A couple of weeks ago I received the news that the Milton Keynes marathon was being postponed from the beginning of May to the end of June. Normally this news wouldn’t have been too much of a problem, but the MK marathon is the start of my 5 in 5 for Mind challenge, so I had to decide whether to postpone the whole thing or not.
While I was a little disappointed, my general feeling was that it was good news because it would give me that bit more time to prepare, so I decided to delay my challenge in line with the new date for the MK marathon.
The new start date for the #5in5forMind challenge is Sunday 27th June 2021.
With my 5 in 5 marathon challenge, I’m encouraging all of you to get out and exercise as a way of improving your mental wellbeing. We all know about the benefits of exercise to our physical health, but less is known, or understood about how exercise helps our mood, and how it can aid with managing anxiety and depression.
It’s not as straight forward as saying ‘exercise and you’ll feel better’, because sometimes it feels just the opposite. Exercise takes effort, motivation and dedication; you can be easily motivated at the start, but as it gets harder, or winter arrives, the gloss can soon loose it’s shine.
You don’t have to struggle with a mental health disability to understand that it can be hard to motivate yourself to exercise. Most people lead such busy lives that they don’t feel they have time to exercise, and often feel too tired when they do have time.
It can also contribute more stress, especially if you are not confident about your ability and how you look physically. Just one glimpse inside a gym or a quick search of social media can make you feel inferior and self-conscious.
My decision to run 5 marathons in five consecutive days, has a touch of the bonkers about it, and I’m the first to admit it does; I sometimes stop and ask myself ‘what the hell am I thinking?’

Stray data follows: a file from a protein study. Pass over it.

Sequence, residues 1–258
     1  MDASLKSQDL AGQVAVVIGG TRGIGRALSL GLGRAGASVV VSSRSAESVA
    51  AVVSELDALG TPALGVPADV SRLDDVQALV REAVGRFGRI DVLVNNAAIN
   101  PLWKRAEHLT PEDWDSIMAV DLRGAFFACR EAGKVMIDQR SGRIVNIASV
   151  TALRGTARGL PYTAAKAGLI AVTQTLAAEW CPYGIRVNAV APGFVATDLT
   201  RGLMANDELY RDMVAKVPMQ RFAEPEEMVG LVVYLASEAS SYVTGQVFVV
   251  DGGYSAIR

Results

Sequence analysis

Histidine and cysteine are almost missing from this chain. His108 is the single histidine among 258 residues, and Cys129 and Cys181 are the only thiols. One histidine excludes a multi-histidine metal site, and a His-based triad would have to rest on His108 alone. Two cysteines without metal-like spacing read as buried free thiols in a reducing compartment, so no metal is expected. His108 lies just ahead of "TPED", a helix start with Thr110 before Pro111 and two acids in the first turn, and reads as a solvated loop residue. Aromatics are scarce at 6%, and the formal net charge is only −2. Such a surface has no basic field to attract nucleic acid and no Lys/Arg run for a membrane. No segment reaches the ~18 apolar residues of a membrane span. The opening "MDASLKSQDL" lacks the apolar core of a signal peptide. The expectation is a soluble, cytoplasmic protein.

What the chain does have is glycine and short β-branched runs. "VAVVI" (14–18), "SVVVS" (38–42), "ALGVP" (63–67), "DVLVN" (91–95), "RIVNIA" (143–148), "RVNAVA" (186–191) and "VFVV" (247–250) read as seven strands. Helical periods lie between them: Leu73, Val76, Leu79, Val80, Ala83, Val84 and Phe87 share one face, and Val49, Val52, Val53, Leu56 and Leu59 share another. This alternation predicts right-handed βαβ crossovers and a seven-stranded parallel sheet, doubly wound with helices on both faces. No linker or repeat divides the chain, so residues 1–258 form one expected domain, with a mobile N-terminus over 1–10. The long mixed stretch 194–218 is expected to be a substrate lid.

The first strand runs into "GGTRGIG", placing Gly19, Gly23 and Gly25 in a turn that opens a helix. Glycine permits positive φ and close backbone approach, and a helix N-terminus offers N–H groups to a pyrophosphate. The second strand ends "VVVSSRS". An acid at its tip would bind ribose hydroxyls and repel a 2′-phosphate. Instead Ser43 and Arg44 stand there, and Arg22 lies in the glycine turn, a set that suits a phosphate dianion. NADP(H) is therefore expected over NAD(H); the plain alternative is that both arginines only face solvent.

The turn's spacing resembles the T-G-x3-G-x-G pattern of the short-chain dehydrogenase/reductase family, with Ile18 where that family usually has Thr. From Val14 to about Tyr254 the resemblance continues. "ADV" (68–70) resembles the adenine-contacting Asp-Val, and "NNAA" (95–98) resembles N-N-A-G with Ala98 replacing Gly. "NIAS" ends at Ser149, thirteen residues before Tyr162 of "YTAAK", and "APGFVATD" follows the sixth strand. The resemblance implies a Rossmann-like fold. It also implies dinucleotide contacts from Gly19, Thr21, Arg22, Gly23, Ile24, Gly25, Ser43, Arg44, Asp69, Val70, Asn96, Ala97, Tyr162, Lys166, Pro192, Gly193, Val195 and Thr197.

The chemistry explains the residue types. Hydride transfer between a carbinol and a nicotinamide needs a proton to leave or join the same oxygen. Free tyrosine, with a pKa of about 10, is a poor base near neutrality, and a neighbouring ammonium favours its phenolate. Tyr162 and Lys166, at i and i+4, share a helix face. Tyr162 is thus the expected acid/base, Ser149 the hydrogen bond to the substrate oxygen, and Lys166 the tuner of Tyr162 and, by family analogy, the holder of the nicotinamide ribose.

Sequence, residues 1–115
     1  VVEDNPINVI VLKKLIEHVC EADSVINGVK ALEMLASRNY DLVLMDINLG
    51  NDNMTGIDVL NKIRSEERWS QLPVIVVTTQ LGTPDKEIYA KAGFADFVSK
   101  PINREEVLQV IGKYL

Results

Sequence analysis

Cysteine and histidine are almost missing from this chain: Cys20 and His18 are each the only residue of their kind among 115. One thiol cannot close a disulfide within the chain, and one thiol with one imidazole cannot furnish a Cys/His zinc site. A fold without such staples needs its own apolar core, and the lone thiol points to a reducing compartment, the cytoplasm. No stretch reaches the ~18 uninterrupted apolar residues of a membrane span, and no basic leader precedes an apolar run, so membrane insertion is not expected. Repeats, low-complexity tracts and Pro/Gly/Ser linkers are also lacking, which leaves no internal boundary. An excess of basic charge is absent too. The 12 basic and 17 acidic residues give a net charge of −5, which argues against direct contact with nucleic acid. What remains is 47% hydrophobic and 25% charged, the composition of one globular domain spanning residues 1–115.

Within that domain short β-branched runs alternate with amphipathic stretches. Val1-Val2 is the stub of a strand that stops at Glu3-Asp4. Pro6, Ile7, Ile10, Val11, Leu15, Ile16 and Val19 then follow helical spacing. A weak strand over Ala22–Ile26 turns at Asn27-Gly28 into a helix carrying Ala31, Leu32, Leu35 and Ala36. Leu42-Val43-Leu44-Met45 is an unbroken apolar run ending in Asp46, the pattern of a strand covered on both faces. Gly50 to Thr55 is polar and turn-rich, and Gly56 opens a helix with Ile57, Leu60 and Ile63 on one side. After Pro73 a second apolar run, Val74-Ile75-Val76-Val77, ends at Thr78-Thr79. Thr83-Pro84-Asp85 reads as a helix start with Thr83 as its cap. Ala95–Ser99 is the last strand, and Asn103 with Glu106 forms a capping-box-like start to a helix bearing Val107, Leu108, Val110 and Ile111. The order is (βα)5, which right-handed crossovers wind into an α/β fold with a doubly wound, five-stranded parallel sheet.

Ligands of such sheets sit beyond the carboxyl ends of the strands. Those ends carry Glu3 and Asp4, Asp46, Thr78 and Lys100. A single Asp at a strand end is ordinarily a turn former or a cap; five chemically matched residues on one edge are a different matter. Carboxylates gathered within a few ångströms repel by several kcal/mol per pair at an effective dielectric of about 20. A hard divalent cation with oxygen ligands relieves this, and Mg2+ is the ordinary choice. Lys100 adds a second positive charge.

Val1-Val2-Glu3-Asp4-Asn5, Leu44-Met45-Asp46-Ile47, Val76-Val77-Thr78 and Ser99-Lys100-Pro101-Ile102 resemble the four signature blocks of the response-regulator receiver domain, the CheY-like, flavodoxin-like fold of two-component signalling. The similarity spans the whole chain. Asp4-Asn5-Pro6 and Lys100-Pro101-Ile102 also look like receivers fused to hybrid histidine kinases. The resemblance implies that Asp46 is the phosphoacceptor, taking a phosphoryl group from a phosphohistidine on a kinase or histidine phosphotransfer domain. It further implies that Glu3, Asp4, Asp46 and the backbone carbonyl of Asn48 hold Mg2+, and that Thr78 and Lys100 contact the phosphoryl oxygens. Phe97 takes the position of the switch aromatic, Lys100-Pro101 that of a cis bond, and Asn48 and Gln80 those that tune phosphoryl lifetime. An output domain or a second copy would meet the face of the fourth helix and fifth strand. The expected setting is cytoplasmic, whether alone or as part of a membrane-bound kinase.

I can comfortably run a half marathon, but the thought of doing twice that distance in one go still feels daunting.
The initial concerns were mainly physical; thinking about eating properly, and recovery between runs (which I think will include the dreaded ice bath)! However, there is also going to be a psychological side to this challenge, which will need equal consideration.
The other week, I was lucky enough to be connected to the Sports Science team at the University of Hertfordshire (by Juanita Prescott from Stevenage Leisure Limited), and I had a great chat about the psychology of endurance challenges with Stephen Pack, who is a HCPC Registered Sport and Exercise Psychologist.
Have you ever wondered what controls our mood? What makes us feel happy, sad, or afraid?
The answer is chemical messengers called NEUROTRANSMITTERS; they are key players in helping to understand anxiety, and the physical reactions associated with it.
As we learnt in my blog Anxiety & The Brain, Part 5, the brain is made up of millions of neurons, and it’s these neurons that release the neurotransmitters in a process called FIRING. There Are different types of neurotransmitter, and the ones that get released depends on the information received from our senses, and the emotion that our brain associates with that information.
Firstly, we need to look at the different types of neurotransmitter, and the effect each one has on our body and mind.
At the moment I’m fighting a constant battle between depression and positivity; I can spend days with a low mood, which literally paralyses me to a point that even doing simple tasks is a challenge; I then get angry and very irritable.
I haven’t really explored depression that much, I’ve spent most of my time focusing on anxiety but as the two normally go hand-in-hand, I think it’s about time I started giving both equal attention.
It’s hard to explain what it’s like to be depressed; like anxiety, it can be quite unnerving, illogical, and pretty hard to understand if you haven’t been there. My brain can think logically, I can be aware of what is happening, and come up with ideas and solutions, but physically doing things takes an immense amount of energy; I often compare it to wading through treacle.
I think a lot of people liken depression to boredom, or just feeling a bit sad, but it’s a lot worse than that; it lasts for long periods of time and it makes you question your whole existence; I’m constantly asking myself “what’s the point?”